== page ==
Macquarie University has recently acquired three internationally significant papyrus fragments from Oxyrhynchus in Egypt, which are important records from the early years of Christianity.
Papyrus manuscripts, made from a reed grown in the Nile, were used throughout the Mediterranean world, but have only survived in significant quantities in Egypt, due to its hot, dry climate.
These documents also enhance our understanding of the early spread of Christianity. Over the past 100 years, the extensive study of these original ancient documents has confirmed that the texts Christians use today are the same as those read by Christians from the earliest times.
From the information they contain and the text style, a reasonably accurate estimate can be made of when the documents were written. There is now wide agreement on the dating of these texts.
The study of these ancient texts has rescued Christianity from anti-Christian writers who, from the 18th century, maintained that Christianity was merely a set of myths, based on manufactured texts, perpetrated by the Church to enhance its own power and prestige.
The earliest papyrus fragments of New Testament texts have been reliably dated by scholars to around 100AD. There are older Biblical fragments, such as Old Testament texts among the Dead Sea Scrolls, which go back to around 150-200BC.
These were preserved only because they had been stored inside earthenware vessels, in the very dry climate in caves near the Dead Sea in Israel.
The books of the New Testament were almost certainly originally written on scrolls. These scrolls were probably of papyrus, which was the cheapest and most important writing material in the ancient world.
Few papyrus documents have survived, because it is relatively fragile, can be easily torn, grows brittle with age and is ruined by damp.
Papyrus was not, however, the only writing material used in the ancient world.
Parchment - the carefully prepared skins of animals - was also available. It was, in fact, a better material, at once stronger, smoother (which made attractive writing easier), and more durable. But it was also much more expensive.
It was not until the Roman Emperor Constantine legalised Christianity in the fourth century that parchment came to be widely used for church writings.
The heyday of papyrus manuscripts was during the third and fourth centuries, but we have papyri from as late as the eighth century (by which time the Islamic conquest had largely suppressed Greek-speaking Christianity in Egypt).
The Macquarie papyri come from a collection discovered in Egypt in 1897, which date from the first-fifth centuries AD.
A Macquarie University project, titled Papyri from the Rise of Christianity in Egypt (PCE), aims, in the first instance, to publish texts which document the rise of Christianity in Egypt down to the victory of Constantine over Licinius in 324. This will be the first such collection published for around 80 years.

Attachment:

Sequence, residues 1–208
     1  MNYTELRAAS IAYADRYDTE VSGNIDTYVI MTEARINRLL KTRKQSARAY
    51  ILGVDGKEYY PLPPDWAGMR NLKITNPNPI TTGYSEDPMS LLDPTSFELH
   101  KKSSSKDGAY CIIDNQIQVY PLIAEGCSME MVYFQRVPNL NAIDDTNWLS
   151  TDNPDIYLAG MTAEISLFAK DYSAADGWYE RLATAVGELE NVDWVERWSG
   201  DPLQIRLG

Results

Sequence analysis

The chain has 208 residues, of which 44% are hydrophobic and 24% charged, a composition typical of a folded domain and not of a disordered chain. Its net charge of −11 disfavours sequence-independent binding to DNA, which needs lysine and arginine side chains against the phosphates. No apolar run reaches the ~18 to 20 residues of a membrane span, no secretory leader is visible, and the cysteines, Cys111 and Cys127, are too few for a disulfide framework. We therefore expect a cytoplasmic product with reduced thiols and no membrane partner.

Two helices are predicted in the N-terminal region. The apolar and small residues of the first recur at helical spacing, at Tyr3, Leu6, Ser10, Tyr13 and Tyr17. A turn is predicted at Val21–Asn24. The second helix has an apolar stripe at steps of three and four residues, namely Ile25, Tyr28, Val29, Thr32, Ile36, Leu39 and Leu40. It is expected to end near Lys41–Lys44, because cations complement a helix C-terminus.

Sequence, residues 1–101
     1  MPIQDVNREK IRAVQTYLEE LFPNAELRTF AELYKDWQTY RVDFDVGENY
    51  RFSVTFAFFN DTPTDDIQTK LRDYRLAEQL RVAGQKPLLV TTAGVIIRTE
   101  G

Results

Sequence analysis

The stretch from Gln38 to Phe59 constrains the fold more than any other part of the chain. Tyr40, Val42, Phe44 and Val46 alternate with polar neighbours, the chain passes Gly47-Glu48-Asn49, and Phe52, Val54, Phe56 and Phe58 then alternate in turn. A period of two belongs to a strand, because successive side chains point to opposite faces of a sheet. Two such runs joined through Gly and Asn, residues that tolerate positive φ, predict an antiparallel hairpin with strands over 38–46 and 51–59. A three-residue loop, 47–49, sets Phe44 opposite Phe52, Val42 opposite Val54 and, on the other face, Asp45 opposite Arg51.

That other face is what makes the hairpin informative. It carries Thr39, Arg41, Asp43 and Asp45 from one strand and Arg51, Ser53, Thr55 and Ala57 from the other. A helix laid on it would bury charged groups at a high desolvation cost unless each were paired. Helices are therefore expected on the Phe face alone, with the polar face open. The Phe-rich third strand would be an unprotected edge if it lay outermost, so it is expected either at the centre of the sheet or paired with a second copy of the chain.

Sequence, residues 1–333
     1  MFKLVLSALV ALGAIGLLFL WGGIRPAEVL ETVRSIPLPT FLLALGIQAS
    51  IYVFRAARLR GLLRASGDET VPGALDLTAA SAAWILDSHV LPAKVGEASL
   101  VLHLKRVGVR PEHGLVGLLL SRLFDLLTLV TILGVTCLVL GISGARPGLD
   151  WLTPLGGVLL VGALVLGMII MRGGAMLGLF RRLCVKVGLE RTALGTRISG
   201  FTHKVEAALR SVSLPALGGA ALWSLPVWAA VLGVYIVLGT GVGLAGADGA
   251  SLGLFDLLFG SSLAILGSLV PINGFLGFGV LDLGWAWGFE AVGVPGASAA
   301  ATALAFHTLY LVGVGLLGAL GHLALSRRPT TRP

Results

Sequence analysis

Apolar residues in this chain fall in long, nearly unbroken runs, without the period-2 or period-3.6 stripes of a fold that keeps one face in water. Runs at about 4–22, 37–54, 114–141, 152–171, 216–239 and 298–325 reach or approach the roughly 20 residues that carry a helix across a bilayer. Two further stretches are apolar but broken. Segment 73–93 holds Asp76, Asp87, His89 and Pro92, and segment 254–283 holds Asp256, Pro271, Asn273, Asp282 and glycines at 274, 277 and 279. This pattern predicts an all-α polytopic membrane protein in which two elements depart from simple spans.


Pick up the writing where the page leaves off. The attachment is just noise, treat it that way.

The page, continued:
The project explicitly includes all papyrological material bearing on the question, that is, "literary texts" as well as documents.
The papyri are not collected simply for their own sake; that is, PCE is not only a collection of Christian papyri. Rather, the papyri "form the focus for a detailed study of the papyrological evidence for the spread of Christianity in Egypt."
The newly-acquired fragments give us some very interesting insights into early Christianity. The first of the three documents acquired by Macquarie is a fifth century letter, misspelled and crudely written, from a boy, Peter, to his mother, Maria.
The names are important, because the name Peter was originally given by Jesus to Simon: it had not previously been used as a personal name. It was, literally, a Christian name. The name Maria comes from that of the Virgin Mary.
Greg Welsh, from Macquarie University, said this letter from the boy Peter contained greetings to his brethren, and requested four articles of winter clothing and some rings.
The second of the Macquarie papyri is a fragment of a letter by a woman addressed to a person as her "father", which contains phrases appearing to allude to the Psalms and the New Testament, and is dated in the late third or early fourth century, when Christianity was still being persecuted in the Roman Empire.
The final papyrus is half of a fourth century personal letter from Boethus, son of Achillion, with greetings to his siblings and the offer to purchase a jar of olives.
All the letters were written in Greek, and are recognised as important early documents referring to Christianity.
Macquarie's Museum of Ancient Cultures houses over 700 papyri fragments dating from the third century BC through to the sixth century AD, including personal letters, accounts and contracts, school and literary texts written mostly in Greek as well as Egyptian hieroglyphics, Demotic, Coptic, Latin and Hebrew. In particular, Macquarie's Ancient History Documentary Research Centre scholars will benefit.
"These three Oxyrhynchus papyri show us the extent of the Christianisation of Egypt at this period of time and also give us an insight into the level of society to which Christianity had reached," says Macquarie papyrologist Dr Don Barker. "It was a once in a lifetime opportunity to buy some Oxyrhynchus papyri - I doubt it will ever happen again."
The study of these ancient documents gives not only an insight into the lives of the Greek-speaking Egyptians of the fourth century AD, but also of their beliefs.